In the Warsaw National Museum, in the medieval collection, there is a wood sculpture representing Christ sitting, with his head resting in his hand, thoughtful. A big head, the skin covered with what looks like tears. The author is unknown, the date, 1502. The vast majority of the sculptures of Christ show him on the cross and, in the pietàs, dead cradled by the Virgin Mary. I had never seen one depicting Him sitting, pensive, with no signs of divine power, profoundly human, perhaps afflicted by what he expected to come, or by doubt.
It resembles Rodin’s “The Thinker” of 1880, preceeding it by almost 400 years. “Le penseur” was conceived as Dante in front of the hell’s gates. However, despite the similarity in stance, Rodin’s man is strong and muscled; it evokes a hero who has stopped just a moment before resuming action rather than a man overwhelmed by thought and sadness.
Perhaps it is more related to Dürer’s engraving “Melencolia I“, of some years later, 1514, where the female angel has the same gesture of resting the head on her hand. With symbols of mathematics and building around her, she looks dispirited as not knowing what to do next. (Around the time of producing this engraving Dürer wrote “But what beauty is, I know not”).
Four weeks before “discovering” this work in Warsaw, in Oslo and Bergen, I saw two versions of “Melankoli” by expressionist Edvard Munch. In this case, the pensive figure, also with the same characteristic gesture was inspired by an unhappy romantic experience of a painter’s friend.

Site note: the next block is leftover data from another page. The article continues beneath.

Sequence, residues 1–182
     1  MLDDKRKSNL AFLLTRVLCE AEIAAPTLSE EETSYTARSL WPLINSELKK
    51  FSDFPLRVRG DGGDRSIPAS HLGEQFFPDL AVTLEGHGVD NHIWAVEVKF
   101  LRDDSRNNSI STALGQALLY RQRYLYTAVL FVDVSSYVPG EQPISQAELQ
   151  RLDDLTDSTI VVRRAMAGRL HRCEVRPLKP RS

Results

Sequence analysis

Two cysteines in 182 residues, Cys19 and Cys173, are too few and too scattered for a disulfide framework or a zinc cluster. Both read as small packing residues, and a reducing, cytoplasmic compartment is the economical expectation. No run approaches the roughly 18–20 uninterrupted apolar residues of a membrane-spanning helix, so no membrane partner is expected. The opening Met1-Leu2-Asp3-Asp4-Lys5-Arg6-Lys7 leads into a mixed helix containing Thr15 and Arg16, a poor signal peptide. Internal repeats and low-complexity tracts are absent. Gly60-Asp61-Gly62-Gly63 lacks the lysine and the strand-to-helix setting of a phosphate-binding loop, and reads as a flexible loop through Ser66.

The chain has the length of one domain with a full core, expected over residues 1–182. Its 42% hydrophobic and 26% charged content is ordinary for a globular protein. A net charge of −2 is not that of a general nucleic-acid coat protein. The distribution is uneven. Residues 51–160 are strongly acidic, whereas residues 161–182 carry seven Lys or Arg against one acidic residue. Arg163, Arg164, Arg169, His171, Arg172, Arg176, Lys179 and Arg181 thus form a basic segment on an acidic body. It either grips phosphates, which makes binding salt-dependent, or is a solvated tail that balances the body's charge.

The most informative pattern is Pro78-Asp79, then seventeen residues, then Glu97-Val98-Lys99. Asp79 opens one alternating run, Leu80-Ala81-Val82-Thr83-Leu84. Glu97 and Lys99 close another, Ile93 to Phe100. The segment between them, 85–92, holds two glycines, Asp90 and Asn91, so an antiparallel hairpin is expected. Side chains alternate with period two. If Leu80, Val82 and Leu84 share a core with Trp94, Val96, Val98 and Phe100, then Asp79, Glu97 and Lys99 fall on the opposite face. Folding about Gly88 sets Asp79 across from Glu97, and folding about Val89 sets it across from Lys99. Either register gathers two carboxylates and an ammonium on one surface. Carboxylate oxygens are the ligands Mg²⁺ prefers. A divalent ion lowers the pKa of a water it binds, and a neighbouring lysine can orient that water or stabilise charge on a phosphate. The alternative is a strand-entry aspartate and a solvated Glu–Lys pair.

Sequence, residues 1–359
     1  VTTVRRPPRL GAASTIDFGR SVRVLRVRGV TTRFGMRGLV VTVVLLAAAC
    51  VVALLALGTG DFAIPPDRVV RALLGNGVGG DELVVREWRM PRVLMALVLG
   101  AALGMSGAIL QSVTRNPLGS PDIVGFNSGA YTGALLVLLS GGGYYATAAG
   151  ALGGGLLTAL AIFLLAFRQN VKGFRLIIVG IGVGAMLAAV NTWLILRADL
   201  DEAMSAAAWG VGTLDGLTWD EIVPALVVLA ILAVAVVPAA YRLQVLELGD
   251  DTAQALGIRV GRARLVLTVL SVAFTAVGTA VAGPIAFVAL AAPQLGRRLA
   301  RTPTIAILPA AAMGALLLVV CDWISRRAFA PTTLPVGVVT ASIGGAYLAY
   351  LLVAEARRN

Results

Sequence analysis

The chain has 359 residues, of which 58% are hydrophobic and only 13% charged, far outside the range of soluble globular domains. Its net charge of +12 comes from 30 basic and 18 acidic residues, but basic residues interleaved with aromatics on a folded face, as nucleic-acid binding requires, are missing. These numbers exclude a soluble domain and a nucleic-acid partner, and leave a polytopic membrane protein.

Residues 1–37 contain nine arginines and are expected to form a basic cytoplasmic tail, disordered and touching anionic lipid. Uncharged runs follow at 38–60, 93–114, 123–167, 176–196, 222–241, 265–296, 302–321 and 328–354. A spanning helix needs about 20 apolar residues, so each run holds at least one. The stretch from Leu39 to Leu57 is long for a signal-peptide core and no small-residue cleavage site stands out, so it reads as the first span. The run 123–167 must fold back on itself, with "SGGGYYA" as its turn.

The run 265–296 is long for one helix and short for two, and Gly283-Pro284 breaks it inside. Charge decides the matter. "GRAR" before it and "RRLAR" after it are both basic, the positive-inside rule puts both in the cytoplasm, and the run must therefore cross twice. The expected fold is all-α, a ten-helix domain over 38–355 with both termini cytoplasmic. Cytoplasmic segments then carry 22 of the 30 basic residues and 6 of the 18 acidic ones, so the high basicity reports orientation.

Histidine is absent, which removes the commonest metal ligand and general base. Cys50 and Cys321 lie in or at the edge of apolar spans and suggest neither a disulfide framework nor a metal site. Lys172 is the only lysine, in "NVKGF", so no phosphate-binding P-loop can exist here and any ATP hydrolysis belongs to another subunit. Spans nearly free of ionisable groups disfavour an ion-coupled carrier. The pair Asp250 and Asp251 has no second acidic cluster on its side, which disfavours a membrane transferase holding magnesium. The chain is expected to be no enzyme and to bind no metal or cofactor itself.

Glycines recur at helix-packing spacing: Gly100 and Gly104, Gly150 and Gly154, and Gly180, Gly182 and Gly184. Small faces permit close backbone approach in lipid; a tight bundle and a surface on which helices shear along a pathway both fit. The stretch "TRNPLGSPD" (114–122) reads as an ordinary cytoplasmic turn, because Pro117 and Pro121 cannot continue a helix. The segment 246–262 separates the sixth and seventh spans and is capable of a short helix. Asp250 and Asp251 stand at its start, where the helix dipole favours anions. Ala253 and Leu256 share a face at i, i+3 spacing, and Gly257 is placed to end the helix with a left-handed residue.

Melancholy as a state of sorrow when we realize the gap between what we want and what we can, whether it is the redemption of humanity, the creation of beauty, or our personal dreams, melancholy as discouragement when, looking back, we see the gap between what we wanted or could have been, and what has actually become, these are suffering emotions that Buddhism, in its different versions, proposes to eliminate; we should give give up living identifying ourselves with a self that that dreams, wishes, expects, or regrets its past. While being obsessed by future expectations or past events obviously leads to unnecessary suffering, I can not help but think that the ability to dream, imagine different futures or alternative pasts is part of the human condition and something very valuable would be lost if it would disappear. Somehow I would agree with Theophrastus when he suggests in Problemata XXX.I that genius is associated with melancholy and madness.
In addition to this remarkable work, the National Museum of Warsaw has many others that make worth a visit. I would mention “Strange Garden” by Józef Mehoffer, the “Bus” by Bronisław Wojciech Linke, the “Morning” of Łukasz Korolkiewicz, or the transgressing videos of Natalia LL. And last but not least, it has an excellent restaurant with a very affordable menu.